• Linux users are less likely to operate in a privileged environment (eg. by default not running as root vs. a lot of people who turn off UAC on Windows)
  • Arguably it's easier to update vulnerable software using a package manager on Linux

On the other hand, there's several factors which cause me to believe OS choice isn't that significant in terms of security overall:

  • It's not that common that OS vulnerabilities are primarily responsible for an intrusion. More often the malware gets in via a vulnerability in some other application or by user error, which then might exploit the OS once in.
  • Arguably Linux users are more valuable targets on average because they're more likely to have access to other systems, servers and production code.
  • Linux has the majority in the web server market, and there's plenty of both successful and unsuccessful attacks, malware, and vulnerabilities for Linux in this domain
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    Thanks for the nuanced answer I think that really gets at a lot of the question. Would you be concerned at all about the proprietary nature of Windows systems in any way compromising their security? Also, I think I'm leaning toward believing that OS vulnerabilities are less common than malware vulnerabilities, easier to trick a user into doing something stupid than understanding an OS well enough to find a hole. – Fernando Dec 20 '14 at 7:52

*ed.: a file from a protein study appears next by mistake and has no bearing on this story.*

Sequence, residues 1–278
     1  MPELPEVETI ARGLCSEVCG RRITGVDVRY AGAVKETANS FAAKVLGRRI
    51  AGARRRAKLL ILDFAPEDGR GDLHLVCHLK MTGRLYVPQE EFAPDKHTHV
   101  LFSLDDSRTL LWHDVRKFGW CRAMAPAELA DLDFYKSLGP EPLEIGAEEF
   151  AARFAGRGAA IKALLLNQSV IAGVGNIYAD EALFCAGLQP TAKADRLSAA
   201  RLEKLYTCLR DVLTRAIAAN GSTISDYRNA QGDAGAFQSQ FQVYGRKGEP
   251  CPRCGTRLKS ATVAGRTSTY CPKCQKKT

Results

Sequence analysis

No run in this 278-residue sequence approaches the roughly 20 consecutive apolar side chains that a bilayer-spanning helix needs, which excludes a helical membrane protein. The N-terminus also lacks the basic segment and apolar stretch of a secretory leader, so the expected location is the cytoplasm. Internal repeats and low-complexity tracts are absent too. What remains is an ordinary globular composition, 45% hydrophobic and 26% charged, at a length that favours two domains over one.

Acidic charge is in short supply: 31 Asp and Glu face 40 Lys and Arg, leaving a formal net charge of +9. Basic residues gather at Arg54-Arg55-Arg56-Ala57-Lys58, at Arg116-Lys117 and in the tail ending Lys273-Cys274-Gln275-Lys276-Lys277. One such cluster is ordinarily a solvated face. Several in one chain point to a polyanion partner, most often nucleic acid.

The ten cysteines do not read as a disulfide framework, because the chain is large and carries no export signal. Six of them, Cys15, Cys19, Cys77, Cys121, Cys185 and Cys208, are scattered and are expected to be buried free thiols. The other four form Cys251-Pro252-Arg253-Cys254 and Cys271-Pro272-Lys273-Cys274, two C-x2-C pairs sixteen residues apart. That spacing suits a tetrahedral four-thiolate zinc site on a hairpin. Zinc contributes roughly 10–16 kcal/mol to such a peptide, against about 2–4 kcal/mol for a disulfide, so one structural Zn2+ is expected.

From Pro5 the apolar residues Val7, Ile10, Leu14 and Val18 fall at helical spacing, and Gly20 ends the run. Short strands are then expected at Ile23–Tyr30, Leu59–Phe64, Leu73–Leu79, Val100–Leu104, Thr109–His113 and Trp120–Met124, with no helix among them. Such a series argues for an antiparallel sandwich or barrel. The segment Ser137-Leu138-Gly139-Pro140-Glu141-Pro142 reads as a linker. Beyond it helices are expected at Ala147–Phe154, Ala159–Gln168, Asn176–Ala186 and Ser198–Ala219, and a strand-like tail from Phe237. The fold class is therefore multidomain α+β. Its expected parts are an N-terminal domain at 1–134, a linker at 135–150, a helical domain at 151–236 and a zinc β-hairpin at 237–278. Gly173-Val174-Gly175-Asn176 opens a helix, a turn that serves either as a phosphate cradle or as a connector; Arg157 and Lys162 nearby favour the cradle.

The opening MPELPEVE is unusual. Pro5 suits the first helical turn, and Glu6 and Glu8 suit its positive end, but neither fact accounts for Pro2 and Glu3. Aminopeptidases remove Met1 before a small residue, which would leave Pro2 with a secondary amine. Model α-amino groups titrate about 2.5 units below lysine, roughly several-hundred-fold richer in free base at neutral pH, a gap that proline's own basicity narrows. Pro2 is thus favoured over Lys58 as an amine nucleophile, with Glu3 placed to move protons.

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Ubuntu (or any Linux distro) is less a target for malware because it's less common - if you had a limited amount of time to spend developing malware, would you make it for an OS that the majority uses or do it for the one a minority uses ?

As for the security by obscurity part, Linux distros don't base their security on top of the fact that they're less popular and thus less likely to be malware targets... sure, that's the case, but it's not because of that fact that developers will use that as an excuse for writing vulnerable software, and the fact that the code is open source means vulnerabilities are usually found and fixed way faster than in proprietary OSes.

However, if the user is stupid and installs/executes anything he finds on the web (cracks/keygens, toolbars, or even credit card generators - I'm serious, every so often I stumble upon a script kiddie's video showing off his VB6 skills with a badly designed GUI and a lame attempt at malware) then no OS nor antivirus will save him, because once you intentionally install something and click through the permission prompts (user account control in Windows, root password request in Linux) then the system considers the user knows what he's doing and obeys the orders, in this case it'll execute the malicious code and the machine is compromised.